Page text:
Faces of radicalism: Differentiating between violent and non-violent radicals

Radical groups and radicalized individuals are often confused as being all violent and at risk of committing acts of terrorism. Radicals are defined as individuals who support or justify terrorism, and sometimes they express a desire to engage in radical acts of violence. However, very few studies have focused on what differentiates violent radicals, who commit acts of terrorism, and those who never will. Indeed, several catastrophic and tragic events committed by terrorists have led to accusations against social media surveillance agencies for failing to identify these individuals’ profiles prior to the event. Indeed, governments and cybersurveillance agencies must ensure the safety of all and identify these risky accounts. However, how can we differentiate all the individuals posting, sharing, or following pages of radical groups from terrorists who take action? This question is particularly relevant when we consider that less than 1% of the radical individuals take action (McCauley and Moskalenko, 2017).

To shed light on this phenomenon and better direct the monitoring of radicals, researchers Wolfowicz, Perry, Hasisi & al. (2021), decided to explore how social media measures can differentiate radicals who are not violent and terrorists. The researchers studied Facebook profiles of terrorists who have committed violent acts in Israel.

To do this, researchers analyzed the activity of the Facebook accounts of a group of terrorists with a control group of individuals considered radical but not having committed acts of violence. The study focuses precisely on the significant increase in acts of terrorism in Israel from 2014 to 2018. Regarding the time of data collection, instead of selecting a specific time for the entire sample, they decided to observe participants’ Facebook accounts 100 days before the violent act occurred and 100 days for similar dates for the control group. They then performed different analysis: descriptive, multivariate, and logistic regression.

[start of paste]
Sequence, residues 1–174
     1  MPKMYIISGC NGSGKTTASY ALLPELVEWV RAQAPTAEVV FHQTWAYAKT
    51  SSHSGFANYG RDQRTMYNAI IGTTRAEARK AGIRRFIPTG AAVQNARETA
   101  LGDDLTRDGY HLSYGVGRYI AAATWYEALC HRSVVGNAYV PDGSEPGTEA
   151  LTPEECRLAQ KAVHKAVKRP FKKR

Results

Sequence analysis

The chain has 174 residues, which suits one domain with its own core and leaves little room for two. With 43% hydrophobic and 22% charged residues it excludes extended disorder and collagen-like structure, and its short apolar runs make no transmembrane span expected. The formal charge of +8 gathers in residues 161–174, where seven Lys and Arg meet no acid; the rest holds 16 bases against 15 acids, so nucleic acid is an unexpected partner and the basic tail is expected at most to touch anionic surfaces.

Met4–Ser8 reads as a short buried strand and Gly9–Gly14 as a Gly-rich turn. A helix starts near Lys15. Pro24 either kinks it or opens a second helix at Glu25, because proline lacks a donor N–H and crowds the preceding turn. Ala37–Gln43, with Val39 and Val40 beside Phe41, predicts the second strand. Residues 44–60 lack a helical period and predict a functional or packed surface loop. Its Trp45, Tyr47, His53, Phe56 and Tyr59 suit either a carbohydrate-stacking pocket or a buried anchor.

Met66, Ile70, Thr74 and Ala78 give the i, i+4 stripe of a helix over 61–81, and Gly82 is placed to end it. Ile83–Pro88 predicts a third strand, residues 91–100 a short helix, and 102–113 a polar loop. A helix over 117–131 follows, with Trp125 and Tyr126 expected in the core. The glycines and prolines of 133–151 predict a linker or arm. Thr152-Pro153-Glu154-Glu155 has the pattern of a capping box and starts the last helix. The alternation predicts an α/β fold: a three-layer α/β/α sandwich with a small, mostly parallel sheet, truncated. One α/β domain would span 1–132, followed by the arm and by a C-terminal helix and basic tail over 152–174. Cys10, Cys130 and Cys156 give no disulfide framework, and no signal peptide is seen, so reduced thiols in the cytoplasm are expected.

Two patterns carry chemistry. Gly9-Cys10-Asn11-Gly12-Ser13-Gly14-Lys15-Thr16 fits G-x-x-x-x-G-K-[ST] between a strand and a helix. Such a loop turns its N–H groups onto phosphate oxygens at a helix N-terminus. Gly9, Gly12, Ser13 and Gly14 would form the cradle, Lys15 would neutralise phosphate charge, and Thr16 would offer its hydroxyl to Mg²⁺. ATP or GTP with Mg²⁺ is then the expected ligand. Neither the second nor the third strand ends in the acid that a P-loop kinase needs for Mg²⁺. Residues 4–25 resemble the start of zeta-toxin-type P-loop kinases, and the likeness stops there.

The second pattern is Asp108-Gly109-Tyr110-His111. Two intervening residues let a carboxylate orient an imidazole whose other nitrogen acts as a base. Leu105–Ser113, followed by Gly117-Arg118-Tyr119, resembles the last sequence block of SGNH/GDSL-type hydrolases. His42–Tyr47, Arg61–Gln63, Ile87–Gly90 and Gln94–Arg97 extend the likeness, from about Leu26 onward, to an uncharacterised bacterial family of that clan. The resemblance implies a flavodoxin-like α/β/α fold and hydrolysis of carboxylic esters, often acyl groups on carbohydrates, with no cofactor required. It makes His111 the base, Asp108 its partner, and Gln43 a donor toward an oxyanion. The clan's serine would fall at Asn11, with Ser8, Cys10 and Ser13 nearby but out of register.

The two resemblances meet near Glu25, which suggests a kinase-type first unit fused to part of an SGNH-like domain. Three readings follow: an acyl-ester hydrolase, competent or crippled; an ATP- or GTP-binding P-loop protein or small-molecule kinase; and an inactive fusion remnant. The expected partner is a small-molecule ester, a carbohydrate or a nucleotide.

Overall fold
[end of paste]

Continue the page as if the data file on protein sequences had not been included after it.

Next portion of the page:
The main conclusions of the study:

1) Terrorists are more likely to post about a terrorist attack committed by a friend in the past.

2) Terrorists engage and share more content compared to non-violent radicals who engage in more textual posts.

3) Regarding studies on the topic, automated detection approaches must integrate factors at the behavioural level to improve results’ accuracy and avoid false positives.

There are obvious limitations to this study; the main one being that the results and conclusions relate only to a case study, Israel, and carried out on Facebook. To generalize the results, analyses would have to be performed on other platforms with different samples. In short, this study has a substantial and significant empirical contribution. As the researchers point out, there are a lot of false positives in monitoring radical individuals. This leads to unwarranted surveillance of specific individuals and impedes surveillance agencies from focusing on real cases at risk of committing terrorist acts. The researchers also validate the use of automated tools on social networking platforms to identify individuals at risk. However, they specify and justify the need for further research on radical violent individuals’ indicators to focus on the most dangerous individuals.

Pour citer l’article: Wolfowicz, M., Perry, S., Hasisi, B. & Weisburd, D. (2021). Faces of radicalism: Differentiating between violent and non-violent radicals by their social media profiles. Computers in Human Behavior, 116.